Is a strong economic plan the key to President Obama securing a second term?
Well, that's one thing I pretty much ignored to my political sorrow when I was in office—election-year politics and things like that. I think that the best political approach for him even now would be to let the people know that he was bold and knowledgeable and politically courageous in order to put forward things that would result in some decrease in services, including Social Security and Medicare and Medicaid, but also increase revenue. The combination of those would then meet the goal of bringing our finances back into proper condition. And I think if he did that and took it directly to the people without equivocation, that it would be well received.
Are there major differences between your approach to running the country and that of the current administration?
What I did when I was president, and I'm not preaching to President Obama, but whenever we got a major issue, we developed legislation that I proposed inside the White House in its entirety. And we brought in congressional leaders—chairmen of committees and their staff members—into the White House to help us draft those bills in detail, and then we submitted it to Congress for amendments. That was just my way of governing, which seems to be different from the present administration. President Obama has a policy, which may very well be the right one for now, of letting the Congress evolve multiple bills and then ultimately negotiating to get a final decision, or even no decisions. I think a much stronger approach by the White House would be my own personal belief, as a political philosophy.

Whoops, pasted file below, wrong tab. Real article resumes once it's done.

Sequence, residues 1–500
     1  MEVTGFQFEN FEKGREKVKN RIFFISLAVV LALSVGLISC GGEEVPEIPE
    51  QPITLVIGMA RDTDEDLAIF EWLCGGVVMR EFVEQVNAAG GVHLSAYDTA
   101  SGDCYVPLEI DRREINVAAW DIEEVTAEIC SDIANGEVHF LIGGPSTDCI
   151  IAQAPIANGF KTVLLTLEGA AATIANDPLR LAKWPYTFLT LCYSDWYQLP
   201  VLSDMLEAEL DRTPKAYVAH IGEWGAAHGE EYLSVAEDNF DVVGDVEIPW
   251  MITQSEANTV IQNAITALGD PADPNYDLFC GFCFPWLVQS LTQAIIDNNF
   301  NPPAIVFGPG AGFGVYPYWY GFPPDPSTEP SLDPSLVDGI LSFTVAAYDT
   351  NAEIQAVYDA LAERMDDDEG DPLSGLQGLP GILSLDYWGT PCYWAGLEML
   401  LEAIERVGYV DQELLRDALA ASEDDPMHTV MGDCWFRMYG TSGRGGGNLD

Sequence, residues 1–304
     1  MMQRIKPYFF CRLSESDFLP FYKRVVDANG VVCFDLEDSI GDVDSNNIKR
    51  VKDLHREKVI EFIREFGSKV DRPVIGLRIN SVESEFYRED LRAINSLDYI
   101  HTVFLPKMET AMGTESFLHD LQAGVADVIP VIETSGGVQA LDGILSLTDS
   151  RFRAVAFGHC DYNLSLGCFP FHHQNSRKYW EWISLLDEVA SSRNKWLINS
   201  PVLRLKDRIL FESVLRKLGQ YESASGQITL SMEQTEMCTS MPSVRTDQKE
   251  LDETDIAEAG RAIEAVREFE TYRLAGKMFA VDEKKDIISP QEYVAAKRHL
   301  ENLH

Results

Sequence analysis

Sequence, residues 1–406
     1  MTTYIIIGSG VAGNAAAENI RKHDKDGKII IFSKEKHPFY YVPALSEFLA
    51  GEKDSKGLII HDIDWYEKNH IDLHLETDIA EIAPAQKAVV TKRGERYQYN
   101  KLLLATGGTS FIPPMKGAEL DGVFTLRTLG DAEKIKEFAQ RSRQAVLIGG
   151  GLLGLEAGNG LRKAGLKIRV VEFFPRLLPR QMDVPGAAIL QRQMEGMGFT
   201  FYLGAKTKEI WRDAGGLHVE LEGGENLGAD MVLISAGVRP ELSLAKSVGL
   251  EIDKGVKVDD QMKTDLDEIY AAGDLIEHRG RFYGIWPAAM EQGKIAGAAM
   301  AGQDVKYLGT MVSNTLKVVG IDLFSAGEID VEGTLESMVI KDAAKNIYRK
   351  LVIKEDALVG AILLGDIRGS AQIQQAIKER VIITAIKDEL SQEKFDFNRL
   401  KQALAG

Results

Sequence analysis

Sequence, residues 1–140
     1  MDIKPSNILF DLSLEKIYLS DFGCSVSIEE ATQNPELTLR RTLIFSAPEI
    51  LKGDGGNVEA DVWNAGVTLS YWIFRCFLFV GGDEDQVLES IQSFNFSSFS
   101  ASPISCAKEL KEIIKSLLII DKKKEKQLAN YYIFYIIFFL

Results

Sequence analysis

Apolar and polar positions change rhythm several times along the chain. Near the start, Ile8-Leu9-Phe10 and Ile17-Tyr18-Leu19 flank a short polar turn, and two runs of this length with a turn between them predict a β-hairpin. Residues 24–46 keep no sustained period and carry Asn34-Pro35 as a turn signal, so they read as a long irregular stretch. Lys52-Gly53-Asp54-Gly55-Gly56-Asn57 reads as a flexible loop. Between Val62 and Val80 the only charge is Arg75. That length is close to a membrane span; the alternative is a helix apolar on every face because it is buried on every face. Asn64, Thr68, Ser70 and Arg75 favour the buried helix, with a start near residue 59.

The biography highlights your religious faith. What is your view on how religion factors into political campaigns today?
I always kept strict separation of my religious faith from anything that I did in my official capacity. I think [the invocation of religion in political campaigns] in some cases is quite excessive. You know, they're just espousing their own religious faith as a preferable religion, both involving theoretical and theological things and also political things. This merger of politics and religion started taking place while I was president, but independently of me. The Republican Party has been aligned with it ever since. Now many of the candidates make no apology for the fact that they are injecting religion directly into politics. It's bad for government and bad for the country, and I think the advantages that might occur to a candidate that does it might be transient in nature.
Looking back at your time in office, is there anything you would have done differently?
There are some things I could do tactically, like send one more helicopter to rescue the hostages [during the Iran hostage crisis]. If I'd gotten the hostages out in April 1980, I probably would have been re-elected. I sent more helicopters than we needed, but if I had just sent one more, we would have been more successful. Things like that. But as far as general principles are concerned? We espoused peace, we never deviated from that. We espoused human rights, we espoused justice, and we always told the truth. So those general moral principles I think are ones that I would not have equivocated in a do-over.